Recent sporadic-E propagation openings on 6 meters and elsewhere have pointed up the need for a digital mode having faster turnaround time than currently available software versions offer. A recent WSJT-X reflector discussion allowed that, while the slow ’JT modes like JT65 and JT9 have excellent sensitivity, their 1-minute long transmissions may not permit completion of a contact when evanescent signals pop up and quickly disappear under certain E-skip conditions. MSK144 and the fast JT9 submodes allow much shorter transmissions, but they do not offer the multi-decode capability that JT65 users find so effective. Iain MacDonnell, N6ML, was among those remarking that, while the use of JT65 for working E-skip on 6 meters has really taken off, it’s too slow to be practical for openings that only last a couple of minutes or so.
Joe Dzekevich, K1YOW, of Harvard, Massachusetts, sounded a similar theme. “A few days ago we had a great opening on 6 meters, especially here in the New England USA area, given our latitude,” he noted. “I often find that often one cannot complete a QSO due to QSB and the ins and outs of Es. Yet, being a propagation buff, I love the idea that I can leave the rig on 50.276 in JT65 mode and then see who I hear throughout the day via PSK Reporter.”
WSJT-X developer Joe Taylor, K1JT, weighed in to express his appreciation to all who shared their ideas and experiences using JT9 and JT65 modes during recent multi-hop E-skip openings on 6 meters.
“We are very much aware that a mode with most of the excellent characteristics of JT65, but with faster turnaround time, would be a big winner in such situations,” Taylor commented on behalf of the WSJT-X development team. “We are experimenting with several such possibilities. Tentative goals include 15-second T/R sequences, sensitivity around S/N = –20 dB, occupied bandwidth less than that of JT65, and capability to decode as many as 10 or 20 signals in a 2-kHz bandwidth.”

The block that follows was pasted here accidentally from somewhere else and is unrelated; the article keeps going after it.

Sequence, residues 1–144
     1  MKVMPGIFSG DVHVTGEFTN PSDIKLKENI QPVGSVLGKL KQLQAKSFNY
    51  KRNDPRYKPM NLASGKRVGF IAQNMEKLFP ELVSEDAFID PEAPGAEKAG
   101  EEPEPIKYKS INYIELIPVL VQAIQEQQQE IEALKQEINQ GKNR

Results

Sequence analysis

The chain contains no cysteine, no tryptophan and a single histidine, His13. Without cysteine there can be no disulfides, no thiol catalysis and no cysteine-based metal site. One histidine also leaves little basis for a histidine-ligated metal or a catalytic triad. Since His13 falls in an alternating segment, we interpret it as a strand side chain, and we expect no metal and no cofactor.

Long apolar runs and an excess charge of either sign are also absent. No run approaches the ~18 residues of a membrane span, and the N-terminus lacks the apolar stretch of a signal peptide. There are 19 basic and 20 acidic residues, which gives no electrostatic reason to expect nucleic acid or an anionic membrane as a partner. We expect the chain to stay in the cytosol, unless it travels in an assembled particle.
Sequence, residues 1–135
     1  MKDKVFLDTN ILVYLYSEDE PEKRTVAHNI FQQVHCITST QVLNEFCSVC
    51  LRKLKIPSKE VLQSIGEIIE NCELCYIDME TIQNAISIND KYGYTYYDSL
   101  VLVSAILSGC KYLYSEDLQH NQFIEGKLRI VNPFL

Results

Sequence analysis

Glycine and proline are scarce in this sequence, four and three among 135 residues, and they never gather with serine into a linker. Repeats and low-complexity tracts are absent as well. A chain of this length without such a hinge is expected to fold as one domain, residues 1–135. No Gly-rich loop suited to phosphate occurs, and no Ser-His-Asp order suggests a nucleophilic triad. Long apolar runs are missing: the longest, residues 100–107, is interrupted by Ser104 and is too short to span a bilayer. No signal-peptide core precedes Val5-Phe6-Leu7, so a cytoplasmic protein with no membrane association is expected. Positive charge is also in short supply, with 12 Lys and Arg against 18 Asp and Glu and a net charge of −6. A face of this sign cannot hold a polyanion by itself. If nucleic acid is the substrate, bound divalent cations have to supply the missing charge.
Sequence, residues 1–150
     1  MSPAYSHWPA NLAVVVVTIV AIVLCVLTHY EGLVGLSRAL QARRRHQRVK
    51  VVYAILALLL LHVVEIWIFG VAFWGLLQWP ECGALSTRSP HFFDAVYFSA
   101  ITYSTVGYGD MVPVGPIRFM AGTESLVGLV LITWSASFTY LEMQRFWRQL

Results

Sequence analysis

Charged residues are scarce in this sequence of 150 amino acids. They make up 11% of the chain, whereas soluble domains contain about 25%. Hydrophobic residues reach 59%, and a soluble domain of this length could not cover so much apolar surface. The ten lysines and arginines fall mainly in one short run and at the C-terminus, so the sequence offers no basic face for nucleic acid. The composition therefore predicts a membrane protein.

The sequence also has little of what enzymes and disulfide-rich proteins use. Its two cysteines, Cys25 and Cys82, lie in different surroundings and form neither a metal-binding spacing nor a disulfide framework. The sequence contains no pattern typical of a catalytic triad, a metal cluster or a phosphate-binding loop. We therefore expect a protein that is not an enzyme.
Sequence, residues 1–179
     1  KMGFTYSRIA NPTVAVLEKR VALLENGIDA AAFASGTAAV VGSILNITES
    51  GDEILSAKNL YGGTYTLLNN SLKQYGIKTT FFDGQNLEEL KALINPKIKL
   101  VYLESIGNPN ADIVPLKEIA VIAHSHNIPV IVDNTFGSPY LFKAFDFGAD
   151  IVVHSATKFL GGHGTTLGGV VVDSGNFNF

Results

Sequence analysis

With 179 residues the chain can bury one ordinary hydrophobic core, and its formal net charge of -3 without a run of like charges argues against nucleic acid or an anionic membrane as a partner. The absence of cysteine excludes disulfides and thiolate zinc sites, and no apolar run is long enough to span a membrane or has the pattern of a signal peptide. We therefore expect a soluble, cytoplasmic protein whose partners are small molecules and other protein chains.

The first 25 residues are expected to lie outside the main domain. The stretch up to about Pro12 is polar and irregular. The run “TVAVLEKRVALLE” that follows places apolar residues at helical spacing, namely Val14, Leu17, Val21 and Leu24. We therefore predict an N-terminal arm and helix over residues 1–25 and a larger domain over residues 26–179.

But, Taylor added, developing new modes takes a lot of time, and results are not guaranteed. “We will report significant progress if and when available,” he pledged.
According to the WSJT-X page, JT9 is optimized for LF, MF, and HF, and it’s some 2 dB more sensitive than JT65 while using less than 10% of the bandwidth. Both JT9 and JT65 permit DX contacts at very low power levels and modest antennas. — Thanks to Joe Taylor, K1JT
How to get on JT65
David Clark DC PRO-X Hybrid ENC Technology in a Supra Aural (Rest-on-Ear) Headset Design Leading edge technology and sleek, supra aural design put the new DC PRO-X a generation ahead of any other aviation headset in its class. Hybrid Elec... Read more
AC6V’s GUIDE TO FM REPEATERS This book is six months in the writing and features the advice of several noted Amateurs and technical gurus. It is intended for those entering the world of FM Repeaters and Amateur Radio. The guide... Read more
In December, Joe Taylor, K1JT, released the latest version (1.7) of his WSJT-X software suite, designed to facilitate basic Amateur Radio communication using very weak signals (WSJT stands for “Weak Signal communication by K1JT”). Version 1... Read more
The new FTM-300DR provides stable and reliable 50W RF power output. As in recent YAESU mobile transceivers, the FTM-300DR is also equipped with a... Read more
Jim Heath W6LG talks about antenna gain using a light bulb. He shows a simple yagi and 2 brands of antenna rotator Read more